best diet for your horse

Does your horse have the best diet possible?



This is a trick question – because calculating your horse’s diet is complicated. It’s not nearly as simple as taking his weight to calculate how much forage to feed, and then adding a grain or fortified feed, and layering on supplements.


  • There are factors to consider beyond your horse’s weight, like his exercise levels, any metabolic disorders or other illnesses he may have, his age, his breed, what’s in his pasture, the type of hay he eats and also where it comes from, and more.


  • I will always suggest working with an Equine Nutritionist to create a diet formulated for your horse. I did this, and I found out that my plan was missing in several key areas and overabundant in others. The new Nutritionist created plan saved me tons of money, too, as I was able to use more appropriate feeds in smaller amounts and have new, and fewer, supplements to avoid the overlap.


horse eating from a hay net inside a tub outside



But how do we even get the idea that our horse’s diet may not be the best it can be? You will have to look for subtle signs that your horse is telling you, which may or may not include the following:


  • A dull coat. It might also be that it’s winter, or your horse could have a truly dull coat. For true bloom and shine to happen, it’s a combination of grooming and your horse’s health. Certainly, a poor coat indicates something – it might be diet, it could be parasites, it could be infrequent grooming.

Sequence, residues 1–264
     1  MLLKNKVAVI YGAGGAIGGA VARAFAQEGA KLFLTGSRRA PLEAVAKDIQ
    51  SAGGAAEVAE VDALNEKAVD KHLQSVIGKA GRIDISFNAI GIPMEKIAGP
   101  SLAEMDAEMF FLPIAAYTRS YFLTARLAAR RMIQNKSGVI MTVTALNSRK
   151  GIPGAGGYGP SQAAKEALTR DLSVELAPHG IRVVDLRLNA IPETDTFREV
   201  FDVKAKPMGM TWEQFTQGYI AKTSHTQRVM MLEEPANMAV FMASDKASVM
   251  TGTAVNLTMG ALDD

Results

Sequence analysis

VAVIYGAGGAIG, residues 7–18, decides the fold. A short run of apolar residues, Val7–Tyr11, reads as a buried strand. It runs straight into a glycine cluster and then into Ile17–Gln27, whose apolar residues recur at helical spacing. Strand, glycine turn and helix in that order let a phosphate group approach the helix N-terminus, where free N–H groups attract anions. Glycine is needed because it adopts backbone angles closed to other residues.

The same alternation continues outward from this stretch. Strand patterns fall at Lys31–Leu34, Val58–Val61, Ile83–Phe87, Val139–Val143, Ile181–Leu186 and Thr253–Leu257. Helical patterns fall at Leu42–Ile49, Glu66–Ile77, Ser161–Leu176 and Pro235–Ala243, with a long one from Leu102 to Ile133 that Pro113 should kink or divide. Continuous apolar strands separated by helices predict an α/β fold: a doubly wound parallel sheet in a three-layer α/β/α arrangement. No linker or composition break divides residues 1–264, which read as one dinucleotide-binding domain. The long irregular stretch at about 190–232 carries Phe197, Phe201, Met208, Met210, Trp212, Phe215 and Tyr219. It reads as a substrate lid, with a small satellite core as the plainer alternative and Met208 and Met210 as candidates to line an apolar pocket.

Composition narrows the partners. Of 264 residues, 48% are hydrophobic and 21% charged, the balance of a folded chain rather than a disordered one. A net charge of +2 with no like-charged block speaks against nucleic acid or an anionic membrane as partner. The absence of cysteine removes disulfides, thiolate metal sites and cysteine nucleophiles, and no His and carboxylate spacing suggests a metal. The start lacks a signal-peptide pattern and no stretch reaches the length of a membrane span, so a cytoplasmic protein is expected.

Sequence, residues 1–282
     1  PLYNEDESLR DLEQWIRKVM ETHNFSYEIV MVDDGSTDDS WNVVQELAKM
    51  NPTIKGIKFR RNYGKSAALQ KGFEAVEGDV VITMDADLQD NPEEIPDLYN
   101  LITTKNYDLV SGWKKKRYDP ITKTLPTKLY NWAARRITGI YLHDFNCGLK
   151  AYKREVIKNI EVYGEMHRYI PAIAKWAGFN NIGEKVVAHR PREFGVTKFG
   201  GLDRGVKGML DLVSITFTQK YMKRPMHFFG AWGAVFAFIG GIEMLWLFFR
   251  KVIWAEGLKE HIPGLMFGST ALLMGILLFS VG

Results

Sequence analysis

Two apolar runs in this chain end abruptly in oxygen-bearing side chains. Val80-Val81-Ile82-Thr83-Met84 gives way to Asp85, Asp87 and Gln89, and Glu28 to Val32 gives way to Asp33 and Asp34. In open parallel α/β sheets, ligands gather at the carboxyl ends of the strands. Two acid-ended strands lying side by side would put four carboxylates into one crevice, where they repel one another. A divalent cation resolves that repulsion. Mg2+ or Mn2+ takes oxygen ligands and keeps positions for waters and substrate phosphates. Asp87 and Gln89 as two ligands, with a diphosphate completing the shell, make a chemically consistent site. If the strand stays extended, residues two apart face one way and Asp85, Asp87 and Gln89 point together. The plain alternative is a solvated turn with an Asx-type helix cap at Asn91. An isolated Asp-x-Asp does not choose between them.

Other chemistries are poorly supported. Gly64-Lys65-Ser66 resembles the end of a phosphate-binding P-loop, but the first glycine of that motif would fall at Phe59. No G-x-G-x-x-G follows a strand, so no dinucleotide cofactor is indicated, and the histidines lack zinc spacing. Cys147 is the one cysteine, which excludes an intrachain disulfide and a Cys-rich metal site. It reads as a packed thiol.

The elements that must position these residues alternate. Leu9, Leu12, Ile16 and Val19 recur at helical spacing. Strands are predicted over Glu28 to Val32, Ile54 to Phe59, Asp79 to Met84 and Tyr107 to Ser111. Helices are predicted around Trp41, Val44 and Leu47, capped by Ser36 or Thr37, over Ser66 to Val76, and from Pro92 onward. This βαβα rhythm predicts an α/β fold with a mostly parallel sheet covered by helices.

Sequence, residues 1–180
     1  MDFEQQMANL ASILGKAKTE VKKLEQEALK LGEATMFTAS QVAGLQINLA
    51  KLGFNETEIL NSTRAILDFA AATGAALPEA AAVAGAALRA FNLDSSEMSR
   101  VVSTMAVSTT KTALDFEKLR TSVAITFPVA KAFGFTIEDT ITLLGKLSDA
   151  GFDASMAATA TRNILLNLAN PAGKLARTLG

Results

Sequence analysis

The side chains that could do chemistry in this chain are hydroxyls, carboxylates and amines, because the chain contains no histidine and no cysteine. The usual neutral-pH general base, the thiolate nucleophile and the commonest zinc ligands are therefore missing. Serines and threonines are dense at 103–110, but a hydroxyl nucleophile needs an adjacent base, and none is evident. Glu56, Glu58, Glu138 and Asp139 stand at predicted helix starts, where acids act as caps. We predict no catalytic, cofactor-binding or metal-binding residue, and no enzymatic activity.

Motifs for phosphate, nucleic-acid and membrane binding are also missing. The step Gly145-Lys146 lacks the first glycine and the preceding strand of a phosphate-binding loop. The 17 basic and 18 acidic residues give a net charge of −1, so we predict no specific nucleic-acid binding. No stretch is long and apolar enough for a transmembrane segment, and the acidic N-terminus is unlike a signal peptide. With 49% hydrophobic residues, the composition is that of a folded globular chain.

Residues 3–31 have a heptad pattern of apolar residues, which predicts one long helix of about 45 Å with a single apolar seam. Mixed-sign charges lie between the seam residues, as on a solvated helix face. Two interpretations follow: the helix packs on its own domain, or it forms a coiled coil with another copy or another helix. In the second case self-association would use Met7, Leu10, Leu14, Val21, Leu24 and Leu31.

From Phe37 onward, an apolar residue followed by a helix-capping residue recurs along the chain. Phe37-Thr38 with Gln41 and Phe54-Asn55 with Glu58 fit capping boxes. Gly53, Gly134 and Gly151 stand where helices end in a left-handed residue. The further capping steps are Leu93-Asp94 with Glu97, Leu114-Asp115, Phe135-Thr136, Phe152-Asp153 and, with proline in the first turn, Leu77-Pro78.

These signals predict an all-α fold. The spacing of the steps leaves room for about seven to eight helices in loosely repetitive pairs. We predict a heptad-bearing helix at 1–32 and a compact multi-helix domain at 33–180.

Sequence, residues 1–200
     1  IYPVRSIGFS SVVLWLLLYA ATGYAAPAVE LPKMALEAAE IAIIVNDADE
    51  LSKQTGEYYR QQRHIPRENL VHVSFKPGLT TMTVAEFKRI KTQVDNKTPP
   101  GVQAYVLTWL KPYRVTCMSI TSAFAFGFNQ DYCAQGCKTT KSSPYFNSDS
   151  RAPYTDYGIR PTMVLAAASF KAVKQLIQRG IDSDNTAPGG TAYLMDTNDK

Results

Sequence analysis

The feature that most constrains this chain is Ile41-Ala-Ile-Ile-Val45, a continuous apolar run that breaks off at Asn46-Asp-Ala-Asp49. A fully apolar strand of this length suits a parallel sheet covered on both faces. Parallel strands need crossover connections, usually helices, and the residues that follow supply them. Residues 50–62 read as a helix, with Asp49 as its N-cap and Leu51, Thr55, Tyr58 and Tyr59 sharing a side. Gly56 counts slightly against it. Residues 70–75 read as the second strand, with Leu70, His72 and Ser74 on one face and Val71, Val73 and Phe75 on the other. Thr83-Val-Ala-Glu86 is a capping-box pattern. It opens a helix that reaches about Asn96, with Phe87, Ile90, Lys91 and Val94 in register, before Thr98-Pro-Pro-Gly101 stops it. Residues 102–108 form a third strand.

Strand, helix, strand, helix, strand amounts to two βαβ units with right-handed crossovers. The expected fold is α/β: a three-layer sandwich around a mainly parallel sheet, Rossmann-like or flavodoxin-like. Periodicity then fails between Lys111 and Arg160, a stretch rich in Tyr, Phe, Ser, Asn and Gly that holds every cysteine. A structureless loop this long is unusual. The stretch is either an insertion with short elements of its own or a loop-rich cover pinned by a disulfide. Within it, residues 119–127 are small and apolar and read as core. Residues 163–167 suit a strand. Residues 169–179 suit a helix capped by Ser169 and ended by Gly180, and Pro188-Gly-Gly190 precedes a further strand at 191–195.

• Resistance to exercise. Your horse could be missing some energy requirements, or he might not like his job.


  • Too much energy and acting generally hot. Hot horses might be hot because of their disposition and no diet change will do anything. OR, your horse could be hot because he’s getting too much energy. I also will never forget the words of an Equine Nutritionist who said that when horses are fed properly, they are more themselves. Of course, they might be hotter when they actually feel good. On that note, please don’t use your horse’s diet to regulate what might be his given nature at the expense of proper nutrition.



  • A snarky attitude. If your horse isn’t eating well, he likely isn’t feeling well either. Or it could be saddle fit or arthritis or ulcers or any number of things.


horse looking at yellow bucket full of feed

How you feed is just as important as what you feed. Hay before “grain” and concentrated feeds in small and frequent meals.


  • Sudden changes in weight. This could be seasonal, caused by a disease, or related to diet. Dig deep to find out, and in cases like this, absolutely get the Vet involved pronto.


  • Poor hoof health. There are lots of reasons for poor hoof health, diet is one of them. It’s extremely difficult to differentiate genetics vs. diet. vs. lifestyle when talking about hoof health and hoof growth, they all go hand in hand.


  • Strange or unusual manure. Another great example of something that may be directly related to diet, or indirectly related to diet. A poor diet will typically yield poor manure, but so will colitis, some sort of parasite, diarrhea, or any other internal issues.

hors supplements being put into tub

Well, very clearly, I have no point in this article.


  • Except that you are your horse’s caregiver, and first in line to be the Lead Detective in memorizing your horse and investigating when something’s not right. Tap into your team of vet, farrier, equine nutritionist, saddle fitter, trainer, and more to truly determine if your horse’s diet is the best it can be.


  • A thorough consolation with an equine nutritionist is affordable and will likely save you some mega-bucks over time, not just in monthly feed and supplement costs, but also peace of mind.



How have you figured out your horse’s diet wasn’t quite right?